Traditional boat building - the Åfjord boat

(Pictures: Olaf Mølslett and late Johan Hårstad are both wellknown boat builders of the Åfjord boat)

The Åfjord boat has a long tradition. In fact, historian`s trace the lines and shapes of this fast sailing boat back to Viking times. In earlier days about 1000 boats were built per year - a big amount considering the small population of Åfjord. Farmers living in the three valleys Nordalen, Stordalen and Sordalen spent months during wintertime constructing boats in their barns or sheds when there was less work to be done at the farm. The boats were built in various sizes and sold to local fishermen as well as to people all over the country. The material used was spruce cut in the farmer`s woods and split rivets to frame the boat together. The knowledge of this craftsmen were passed on from father to son. In springtime the boats were transported down to the fjord using up to nine horses depending on the size.
At the celebration of the 1000 year anniversary of the discovering of America in 1986, the boat called The Norseman sailed from Canada via New York along the Eastern coast down to Florida. There it was given as a gift from Norway to the American people and exhibited at the Walt Disney Epcot Center.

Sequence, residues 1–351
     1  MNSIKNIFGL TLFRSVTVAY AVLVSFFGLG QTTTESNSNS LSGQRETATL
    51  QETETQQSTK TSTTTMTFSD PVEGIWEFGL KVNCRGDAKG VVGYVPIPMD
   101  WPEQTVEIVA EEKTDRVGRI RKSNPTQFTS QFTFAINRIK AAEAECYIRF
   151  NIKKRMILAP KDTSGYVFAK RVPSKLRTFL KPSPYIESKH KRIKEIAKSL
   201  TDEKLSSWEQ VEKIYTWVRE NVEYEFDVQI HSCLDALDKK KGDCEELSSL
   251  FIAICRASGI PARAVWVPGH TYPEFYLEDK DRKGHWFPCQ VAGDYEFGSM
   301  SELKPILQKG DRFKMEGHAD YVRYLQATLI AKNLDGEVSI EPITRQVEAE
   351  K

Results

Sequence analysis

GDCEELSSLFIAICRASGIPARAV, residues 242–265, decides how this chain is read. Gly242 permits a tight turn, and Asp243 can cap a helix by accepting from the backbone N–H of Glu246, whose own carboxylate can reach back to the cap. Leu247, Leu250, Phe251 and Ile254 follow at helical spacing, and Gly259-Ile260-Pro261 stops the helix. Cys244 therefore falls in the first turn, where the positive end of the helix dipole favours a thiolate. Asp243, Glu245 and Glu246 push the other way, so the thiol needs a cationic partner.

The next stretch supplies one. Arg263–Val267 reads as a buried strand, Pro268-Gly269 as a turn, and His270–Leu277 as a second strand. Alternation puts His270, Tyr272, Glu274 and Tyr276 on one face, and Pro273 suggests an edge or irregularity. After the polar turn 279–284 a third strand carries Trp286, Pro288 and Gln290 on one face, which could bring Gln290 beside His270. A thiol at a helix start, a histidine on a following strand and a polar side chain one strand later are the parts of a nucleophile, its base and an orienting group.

During fishing seasons, the fishermen from Åfjord sailed all the way north to Lofoten to participate in the famous cod fishing in March. The trip could take weeks depending on weather conditions. Other fishing seasons were in January - February for herring fishing at places along the coast.

Andreas Rachløw (born 1921) participated in the Lofoten fishing from 1937: ..We lived in the boat during the fishing periods. Just headed for a harbour and stayed in small shacks. There were hundreds of boats and competitions among them to get to the right fishing spots at the right time. In 1896 history books tells that 32,000 fishermen joined the fishing in Lofoten. Fishing tackle used were long line, nets, etc. Around 1920 boats with engines entered the area and soon replaced the sailing boats. The fishermen sold the fish to buyers coming to the fishing resorts during the fishing season. Boats usually returned from Lofoten with boats full of fish just before Easter. After returning back home the salted fish was further prepared for clipfish. People stood out in the water by the shore washing the cod with wooden mittens on their hands. Others took it further up on the rocks using wheelbarrows. There the fish was salted and stacked in piles. Later the fish was dried on the slopes of bare rock for about six to eight weeks. If there was rainy weather or too warm and sunny, the fish had to be put up in neat stacks with sheltering from weather. Several other preparations were done for the fish to look as delightful as possible and with best possible quality. Women and children took part in this work - people from inland valleys came to help to earn money when the boats returned from the faraway fishings places. The boats then took the fish further south to the town of Kristiansund N. for sale.. 

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